First of all, there are different types of top-level domains (TLDs) — the .com or .co.uk part of the URL.

One option is to use a generic TLD that looks like this:

Generic TLDs don’t give any information about what region or language a website is targeting.

Another option is to use multiple country-coded top level domains (ccTLDs) that do indicate specific regions. ccTLDs use a two letter country code (except in the UK, because we’re special), and look like this:

Google likes to serve the most relevant search results and uses location as a big indicator of relevance. Since ccTLD are a great indicator for location, they tend to rank higher locally, compared to generic TLDs.

However, if you want to translate a website for twenty languages, registering twenty different ccTLS can get complicated.

While using a generic TLD might not yield the same results, it is much simpler, and there are some workarounds. The hreflang tag (a meta tag that can tell Google that content is available in another language) is perhaps the most useful. There is also the option to use the Google Search Console to target specific regions.

Using a single domain also improves domain authority (sometimes called website authority). Domain authority is a complex metric that describes how relevant a website is for a specific search term. It takes into account many factors, including the prestige of the website and its authors, quality of information, ‘centrality’, and the competitive situation. Building domain authority on multiple ccTLDs is much harder than building it on a single TLD.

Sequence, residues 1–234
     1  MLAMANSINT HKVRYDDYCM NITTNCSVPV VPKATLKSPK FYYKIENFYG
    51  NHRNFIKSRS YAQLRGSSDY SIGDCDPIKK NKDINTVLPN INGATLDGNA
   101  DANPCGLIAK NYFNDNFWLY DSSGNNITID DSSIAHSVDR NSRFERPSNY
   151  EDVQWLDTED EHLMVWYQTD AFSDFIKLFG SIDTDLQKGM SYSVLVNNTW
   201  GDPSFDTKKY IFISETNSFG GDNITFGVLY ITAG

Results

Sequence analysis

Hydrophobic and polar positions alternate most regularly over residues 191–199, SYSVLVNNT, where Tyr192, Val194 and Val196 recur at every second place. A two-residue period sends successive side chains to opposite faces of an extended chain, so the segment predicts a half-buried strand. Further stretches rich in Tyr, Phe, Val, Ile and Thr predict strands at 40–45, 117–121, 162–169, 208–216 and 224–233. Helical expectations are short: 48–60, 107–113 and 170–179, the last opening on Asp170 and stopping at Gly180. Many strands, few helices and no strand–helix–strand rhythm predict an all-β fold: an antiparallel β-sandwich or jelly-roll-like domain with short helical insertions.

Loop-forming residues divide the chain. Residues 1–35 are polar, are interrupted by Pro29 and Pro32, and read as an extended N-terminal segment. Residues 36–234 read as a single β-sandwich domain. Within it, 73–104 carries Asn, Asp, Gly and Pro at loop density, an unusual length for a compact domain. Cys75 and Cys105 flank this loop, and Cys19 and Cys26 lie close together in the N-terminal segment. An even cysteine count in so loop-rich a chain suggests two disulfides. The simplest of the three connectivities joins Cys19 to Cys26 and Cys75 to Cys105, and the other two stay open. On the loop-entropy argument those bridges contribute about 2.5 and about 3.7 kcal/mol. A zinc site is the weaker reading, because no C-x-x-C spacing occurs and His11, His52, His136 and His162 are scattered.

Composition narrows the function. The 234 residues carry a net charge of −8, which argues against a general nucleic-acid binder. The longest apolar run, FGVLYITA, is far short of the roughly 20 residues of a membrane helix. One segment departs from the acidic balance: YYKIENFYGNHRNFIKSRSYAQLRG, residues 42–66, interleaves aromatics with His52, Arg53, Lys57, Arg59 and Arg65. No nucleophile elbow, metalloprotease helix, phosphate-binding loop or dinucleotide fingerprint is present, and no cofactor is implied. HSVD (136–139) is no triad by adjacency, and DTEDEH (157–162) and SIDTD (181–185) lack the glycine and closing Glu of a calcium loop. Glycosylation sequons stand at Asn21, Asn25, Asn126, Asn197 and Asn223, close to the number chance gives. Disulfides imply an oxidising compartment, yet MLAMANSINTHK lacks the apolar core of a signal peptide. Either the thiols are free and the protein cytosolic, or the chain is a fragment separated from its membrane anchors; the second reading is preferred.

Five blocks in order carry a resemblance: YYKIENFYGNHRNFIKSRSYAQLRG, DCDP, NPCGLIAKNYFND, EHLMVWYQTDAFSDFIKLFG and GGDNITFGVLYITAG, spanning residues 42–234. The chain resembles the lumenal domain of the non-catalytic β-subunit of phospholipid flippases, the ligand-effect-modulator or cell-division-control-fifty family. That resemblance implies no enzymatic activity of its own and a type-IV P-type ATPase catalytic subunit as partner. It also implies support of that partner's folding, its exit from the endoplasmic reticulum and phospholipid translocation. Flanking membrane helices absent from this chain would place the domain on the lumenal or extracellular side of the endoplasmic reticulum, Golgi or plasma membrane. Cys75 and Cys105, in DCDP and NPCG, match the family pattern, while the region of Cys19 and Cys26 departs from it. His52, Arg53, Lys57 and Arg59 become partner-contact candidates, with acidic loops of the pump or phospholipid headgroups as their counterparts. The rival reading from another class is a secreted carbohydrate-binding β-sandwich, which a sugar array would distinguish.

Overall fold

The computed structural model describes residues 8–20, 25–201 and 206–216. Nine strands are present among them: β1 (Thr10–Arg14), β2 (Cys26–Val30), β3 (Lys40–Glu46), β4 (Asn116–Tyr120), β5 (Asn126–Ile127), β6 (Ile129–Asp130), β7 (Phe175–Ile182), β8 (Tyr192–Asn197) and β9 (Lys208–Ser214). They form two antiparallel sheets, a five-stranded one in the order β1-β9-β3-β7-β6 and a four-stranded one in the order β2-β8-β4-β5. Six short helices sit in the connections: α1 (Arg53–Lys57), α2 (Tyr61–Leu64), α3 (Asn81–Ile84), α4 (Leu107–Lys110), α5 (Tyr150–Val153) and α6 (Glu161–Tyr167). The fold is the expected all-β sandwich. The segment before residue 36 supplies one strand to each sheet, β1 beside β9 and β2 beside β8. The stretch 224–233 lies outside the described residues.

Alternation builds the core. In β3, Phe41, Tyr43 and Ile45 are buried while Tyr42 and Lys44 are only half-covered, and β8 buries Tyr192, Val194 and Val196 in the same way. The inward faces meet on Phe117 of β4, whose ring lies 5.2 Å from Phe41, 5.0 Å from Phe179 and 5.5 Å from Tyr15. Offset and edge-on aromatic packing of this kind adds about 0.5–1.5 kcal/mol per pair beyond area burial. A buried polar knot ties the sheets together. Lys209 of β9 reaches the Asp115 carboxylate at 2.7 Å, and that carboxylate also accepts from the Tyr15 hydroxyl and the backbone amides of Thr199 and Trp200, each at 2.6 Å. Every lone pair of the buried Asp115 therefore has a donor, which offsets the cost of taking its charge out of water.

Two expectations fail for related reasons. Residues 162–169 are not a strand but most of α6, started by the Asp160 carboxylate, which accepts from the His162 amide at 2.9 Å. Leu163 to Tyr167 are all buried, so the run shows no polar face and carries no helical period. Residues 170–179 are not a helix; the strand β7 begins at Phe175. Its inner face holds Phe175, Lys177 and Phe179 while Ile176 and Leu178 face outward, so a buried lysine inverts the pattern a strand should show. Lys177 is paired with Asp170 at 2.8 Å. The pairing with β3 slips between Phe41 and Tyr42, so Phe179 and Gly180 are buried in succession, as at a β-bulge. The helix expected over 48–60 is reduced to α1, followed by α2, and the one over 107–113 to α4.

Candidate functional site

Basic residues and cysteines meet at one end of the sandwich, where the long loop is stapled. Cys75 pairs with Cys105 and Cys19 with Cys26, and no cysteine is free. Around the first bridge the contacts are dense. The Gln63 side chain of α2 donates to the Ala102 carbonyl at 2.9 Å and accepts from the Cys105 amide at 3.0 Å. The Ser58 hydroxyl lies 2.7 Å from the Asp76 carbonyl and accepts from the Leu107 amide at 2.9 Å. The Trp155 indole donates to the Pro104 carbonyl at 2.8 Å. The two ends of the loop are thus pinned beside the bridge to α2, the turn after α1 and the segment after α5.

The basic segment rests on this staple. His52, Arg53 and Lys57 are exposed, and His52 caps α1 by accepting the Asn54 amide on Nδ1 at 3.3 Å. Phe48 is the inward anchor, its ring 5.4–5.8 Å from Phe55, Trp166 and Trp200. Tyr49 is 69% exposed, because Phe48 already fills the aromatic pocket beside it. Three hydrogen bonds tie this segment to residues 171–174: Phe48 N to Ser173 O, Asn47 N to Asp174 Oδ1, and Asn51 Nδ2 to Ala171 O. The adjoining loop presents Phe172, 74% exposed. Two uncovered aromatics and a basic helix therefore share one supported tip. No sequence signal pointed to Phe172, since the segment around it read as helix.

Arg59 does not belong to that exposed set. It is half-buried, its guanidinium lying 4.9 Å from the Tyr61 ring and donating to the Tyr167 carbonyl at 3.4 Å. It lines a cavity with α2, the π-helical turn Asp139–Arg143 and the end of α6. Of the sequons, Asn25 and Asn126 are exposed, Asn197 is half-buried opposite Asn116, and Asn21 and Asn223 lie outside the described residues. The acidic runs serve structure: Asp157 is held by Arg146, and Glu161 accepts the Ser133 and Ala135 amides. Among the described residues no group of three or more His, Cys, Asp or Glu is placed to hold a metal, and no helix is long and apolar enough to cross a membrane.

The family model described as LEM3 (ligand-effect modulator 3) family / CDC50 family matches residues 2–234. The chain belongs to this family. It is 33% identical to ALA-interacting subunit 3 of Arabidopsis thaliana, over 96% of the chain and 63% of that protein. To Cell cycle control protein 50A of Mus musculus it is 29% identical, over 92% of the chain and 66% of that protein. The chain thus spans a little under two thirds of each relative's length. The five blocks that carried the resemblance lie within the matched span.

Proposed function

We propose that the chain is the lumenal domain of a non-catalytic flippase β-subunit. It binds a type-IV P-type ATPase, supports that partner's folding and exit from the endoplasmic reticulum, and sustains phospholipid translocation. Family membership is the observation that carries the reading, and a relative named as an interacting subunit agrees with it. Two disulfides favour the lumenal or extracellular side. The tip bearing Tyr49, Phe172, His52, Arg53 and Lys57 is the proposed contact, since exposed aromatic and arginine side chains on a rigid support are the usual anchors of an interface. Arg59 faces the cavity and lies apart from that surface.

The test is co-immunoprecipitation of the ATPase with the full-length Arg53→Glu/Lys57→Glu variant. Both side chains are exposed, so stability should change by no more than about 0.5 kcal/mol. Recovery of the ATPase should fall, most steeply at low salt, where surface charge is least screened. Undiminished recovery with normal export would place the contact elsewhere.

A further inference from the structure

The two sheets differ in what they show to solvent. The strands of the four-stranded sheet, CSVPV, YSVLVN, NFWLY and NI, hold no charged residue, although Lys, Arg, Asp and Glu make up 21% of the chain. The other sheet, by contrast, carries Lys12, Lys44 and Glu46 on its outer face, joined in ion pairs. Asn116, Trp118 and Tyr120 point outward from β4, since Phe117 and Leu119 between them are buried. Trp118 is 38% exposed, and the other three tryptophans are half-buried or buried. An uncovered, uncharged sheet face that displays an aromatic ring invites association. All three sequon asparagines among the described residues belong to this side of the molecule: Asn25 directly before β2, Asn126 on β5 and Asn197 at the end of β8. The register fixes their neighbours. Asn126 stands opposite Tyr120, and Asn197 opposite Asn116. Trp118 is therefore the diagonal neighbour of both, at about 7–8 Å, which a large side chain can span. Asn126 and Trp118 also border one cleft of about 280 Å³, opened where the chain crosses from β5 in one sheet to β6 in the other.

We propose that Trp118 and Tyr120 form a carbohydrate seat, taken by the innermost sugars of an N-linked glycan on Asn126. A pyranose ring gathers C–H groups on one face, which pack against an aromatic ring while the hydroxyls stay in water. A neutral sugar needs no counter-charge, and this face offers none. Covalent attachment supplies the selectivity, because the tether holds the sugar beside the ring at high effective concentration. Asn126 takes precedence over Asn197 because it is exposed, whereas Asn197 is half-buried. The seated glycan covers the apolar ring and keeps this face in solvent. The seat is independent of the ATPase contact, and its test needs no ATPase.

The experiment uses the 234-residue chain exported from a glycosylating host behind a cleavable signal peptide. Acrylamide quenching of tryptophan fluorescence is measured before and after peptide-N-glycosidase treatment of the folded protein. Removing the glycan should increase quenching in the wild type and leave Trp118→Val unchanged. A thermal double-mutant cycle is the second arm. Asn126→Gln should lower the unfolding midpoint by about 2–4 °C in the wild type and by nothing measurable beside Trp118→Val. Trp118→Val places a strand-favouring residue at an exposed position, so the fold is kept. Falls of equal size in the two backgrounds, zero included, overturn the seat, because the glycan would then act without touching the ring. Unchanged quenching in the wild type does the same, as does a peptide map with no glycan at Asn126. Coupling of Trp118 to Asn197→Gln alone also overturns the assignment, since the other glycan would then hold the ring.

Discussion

To organise different languages on a single, generic TLD like .com, you could use subdirectories or subdomains.

Subdirectories com after the TLD, like this:

Subdomains come before the domain name, instead of the www part or the URL:

Subdirectories are used frequently around the web to organise content in multiple languages. We have used this approach when building websites for the National Lottery’s Good Causes and Miss Out to Help Out campaigns. Big-players using this approach include IKEA and Apple.

As for subdomains, the jury seems like it has decided against their use. While Google states that over time, all subdomains will be considered part of the same site, in practice this takes too long. This means that domain authority suffers when using subdomains. For this reason, the SEO community tends to avoid them. We tend to agree with that consensus.

In conclusion

When it comes to setting up a multi-language website, there are some hard choices to make. Unfortunately, there isn't a one-size-fits-all solution.

If you have the budget (and SEO is your goal), we would recommend full translations of everything. If you just need to give key information in different languages, and you accept the SEO won't be as good, a reduced multi-language offering can save translations costs but might increase development fees.

If you're targeting a large number of languages, a generic top-level-domain with many different subdirectories might be your best bet. If you're only targeting a handful of key countries, you might prefer country-coded top-level-domains.

In fact, the only this we're certain on is what CMS you should use to manage your multi-language content: Craft CMS. For us, setting up a website on Craft, with a single license and tons of flexibility, is the easy part. No matter the requirements.